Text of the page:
US researchers develop easy gene therapy to restore sight

Updated: 2013-06-13 10:42


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WASHINGTON - US researchers said Wednesday they had developed an easy and effective method for inserting genes into eye cells to help patients with blinding diseases restore sight.

Unlike current treatments, the new procedure, which takes only 15-minutes, is surgically non-invasive, and it delivers normal genes to difficult-to-reach cells throughout the entire retina.

"Building upon 14 years of research, we have now created a virus that you just inject into the liquid vitreous humor inside the eye and it delivers genes to a very difficult-to-reach population of delicate cells in a way that is surgically non- invasive and safe," David Schaffer, director of the Berkeley Stem Cell Center at the University of California, Berkeley and the study's lead author, said in a statement.

"It's a 15-minute procedure, and you can likely go home that day," Schaffer said.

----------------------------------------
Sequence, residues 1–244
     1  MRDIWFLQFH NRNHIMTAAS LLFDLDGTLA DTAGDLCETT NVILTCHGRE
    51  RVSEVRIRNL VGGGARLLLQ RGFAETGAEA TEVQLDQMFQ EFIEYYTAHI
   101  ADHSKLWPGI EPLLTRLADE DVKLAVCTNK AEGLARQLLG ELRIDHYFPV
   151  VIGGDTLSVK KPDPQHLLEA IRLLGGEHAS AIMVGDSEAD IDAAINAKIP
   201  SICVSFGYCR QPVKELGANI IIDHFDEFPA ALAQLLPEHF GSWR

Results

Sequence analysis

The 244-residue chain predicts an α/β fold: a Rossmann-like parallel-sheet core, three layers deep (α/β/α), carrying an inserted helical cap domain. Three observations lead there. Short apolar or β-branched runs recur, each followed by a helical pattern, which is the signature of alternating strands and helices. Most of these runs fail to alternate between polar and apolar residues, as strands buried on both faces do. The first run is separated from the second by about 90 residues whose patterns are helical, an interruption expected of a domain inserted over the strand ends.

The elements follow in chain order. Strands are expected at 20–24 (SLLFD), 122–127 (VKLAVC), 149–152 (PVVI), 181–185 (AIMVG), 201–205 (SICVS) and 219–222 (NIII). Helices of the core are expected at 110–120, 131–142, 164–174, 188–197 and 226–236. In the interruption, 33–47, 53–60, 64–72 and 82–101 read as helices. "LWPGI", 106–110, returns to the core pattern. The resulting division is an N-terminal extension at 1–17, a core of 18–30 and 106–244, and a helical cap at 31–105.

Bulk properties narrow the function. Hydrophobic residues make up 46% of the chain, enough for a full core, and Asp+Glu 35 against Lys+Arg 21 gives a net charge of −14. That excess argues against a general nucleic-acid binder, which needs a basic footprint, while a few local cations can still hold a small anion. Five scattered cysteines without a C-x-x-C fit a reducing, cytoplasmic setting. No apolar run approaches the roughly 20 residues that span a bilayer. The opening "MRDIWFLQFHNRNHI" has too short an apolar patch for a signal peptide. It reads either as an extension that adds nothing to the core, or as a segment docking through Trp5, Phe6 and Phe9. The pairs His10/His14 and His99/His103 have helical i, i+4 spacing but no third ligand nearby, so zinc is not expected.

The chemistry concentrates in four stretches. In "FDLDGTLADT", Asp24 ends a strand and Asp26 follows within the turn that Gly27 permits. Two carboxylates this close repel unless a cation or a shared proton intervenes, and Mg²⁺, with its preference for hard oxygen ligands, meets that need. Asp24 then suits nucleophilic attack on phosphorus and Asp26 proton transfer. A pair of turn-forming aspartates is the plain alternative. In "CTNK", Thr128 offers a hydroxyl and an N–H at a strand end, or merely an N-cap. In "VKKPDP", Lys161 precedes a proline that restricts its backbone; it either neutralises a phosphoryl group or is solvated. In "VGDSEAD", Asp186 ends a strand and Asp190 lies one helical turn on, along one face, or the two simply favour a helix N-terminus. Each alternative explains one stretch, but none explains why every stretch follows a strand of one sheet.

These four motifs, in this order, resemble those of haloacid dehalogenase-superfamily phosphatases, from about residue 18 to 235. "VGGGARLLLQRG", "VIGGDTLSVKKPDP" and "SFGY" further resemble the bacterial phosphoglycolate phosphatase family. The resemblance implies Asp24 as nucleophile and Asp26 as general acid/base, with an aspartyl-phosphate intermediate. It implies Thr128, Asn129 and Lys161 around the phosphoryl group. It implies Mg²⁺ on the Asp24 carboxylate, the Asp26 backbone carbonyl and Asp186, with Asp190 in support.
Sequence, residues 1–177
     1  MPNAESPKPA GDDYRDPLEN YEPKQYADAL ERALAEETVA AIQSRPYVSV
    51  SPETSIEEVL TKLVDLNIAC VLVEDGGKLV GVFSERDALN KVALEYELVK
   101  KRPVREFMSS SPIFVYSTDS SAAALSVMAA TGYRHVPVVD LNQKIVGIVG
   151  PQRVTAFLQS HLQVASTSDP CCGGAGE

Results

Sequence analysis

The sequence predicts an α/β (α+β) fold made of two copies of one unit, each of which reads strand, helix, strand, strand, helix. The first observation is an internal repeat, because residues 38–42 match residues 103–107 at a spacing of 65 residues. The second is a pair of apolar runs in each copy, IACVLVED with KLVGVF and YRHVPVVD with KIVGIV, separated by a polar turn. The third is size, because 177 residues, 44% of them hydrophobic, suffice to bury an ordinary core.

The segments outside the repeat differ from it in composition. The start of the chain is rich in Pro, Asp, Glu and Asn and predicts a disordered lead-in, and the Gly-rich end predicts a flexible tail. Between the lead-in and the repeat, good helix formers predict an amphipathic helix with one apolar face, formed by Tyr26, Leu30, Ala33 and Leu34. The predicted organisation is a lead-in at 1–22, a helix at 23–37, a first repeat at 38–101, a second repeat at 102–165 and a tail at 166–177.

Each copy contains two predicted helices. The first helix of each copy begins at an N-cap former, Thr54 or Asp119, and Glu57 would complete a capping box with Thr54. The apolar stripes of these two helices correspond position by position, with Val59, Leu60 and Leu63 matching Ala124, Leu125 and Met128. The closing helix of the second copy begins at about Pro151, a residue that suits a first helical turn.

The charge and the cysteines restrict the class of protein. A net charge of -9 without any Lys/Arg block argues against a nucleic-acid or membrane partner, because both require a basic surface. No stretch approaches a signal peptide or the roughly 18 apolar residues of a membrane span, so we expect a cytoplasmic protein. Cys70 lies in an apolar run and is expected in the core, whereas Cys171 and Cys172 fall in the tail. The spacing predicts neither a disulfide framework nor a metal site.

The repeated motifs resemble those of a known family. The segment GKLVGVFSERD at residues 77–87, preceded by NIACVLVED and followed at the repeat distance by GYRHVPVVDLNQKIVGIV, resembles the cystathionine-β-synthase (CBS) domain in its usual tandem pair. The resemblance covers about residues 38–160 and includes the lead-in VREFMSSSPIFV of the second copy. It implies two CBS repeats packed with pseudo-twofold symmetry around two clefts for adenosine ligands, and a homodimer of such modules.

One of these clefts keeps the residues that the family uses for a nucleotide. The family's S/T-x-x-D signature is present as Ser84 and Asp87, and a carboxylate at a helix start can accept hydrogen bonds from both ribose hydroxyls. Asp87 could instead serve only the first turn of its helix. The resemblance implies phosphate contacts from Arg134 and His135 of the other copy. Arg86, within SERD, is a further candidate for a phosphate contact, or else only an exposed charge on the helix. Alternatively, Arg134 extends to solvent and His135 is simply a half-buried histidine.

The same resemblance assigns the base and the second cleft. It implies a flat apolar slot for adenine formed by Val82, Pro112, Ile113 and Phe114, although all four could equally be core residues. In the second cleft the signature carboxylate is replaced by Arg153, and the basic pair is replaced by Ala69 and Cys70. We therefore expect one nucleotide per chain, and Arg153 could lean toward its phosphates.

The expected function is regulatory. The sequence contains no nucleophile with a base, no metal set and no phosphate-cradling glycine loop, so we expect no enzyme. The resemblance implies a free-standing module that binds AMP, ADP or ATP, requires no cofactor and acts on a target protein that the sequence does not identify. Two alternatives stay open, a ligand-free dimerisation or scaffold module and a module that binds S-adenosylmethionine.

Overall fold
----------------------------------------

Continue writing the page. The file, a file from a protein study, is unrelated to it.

In a study published in the journal Science Translational Medicine, Schaffer and his team generated millions of variants of adeno-associated viruses (AAV), a common but harmless virus that can evolve to infect a wide variety of host cells.

They then used the best of those effective in penetrating the retina known as 7m8 to transport genes to cure two human degenerative eye diseases in rodent models. In each case, when injected into the vitreous humor, the AAV delivered the corrective gene to all areas of the retina and restored retinal cells nearly to normal.

The engineered virus can also penetrate photoreceptor cells in the eyes of monkeys, which are like those of humans, they said.

Schaffer predicted that the virus can be used not only to insert genes that restore function to non-working genes, but can knock out genes or halt processes that are actively killing retina cells, which may be the case in age-related macular degeneration.

Schaffer said they are now collaborating with doctors to identify the patients most likely to benefit from this gene- delivery technique and, after some preclinical development, hope soon to head into clinical trials.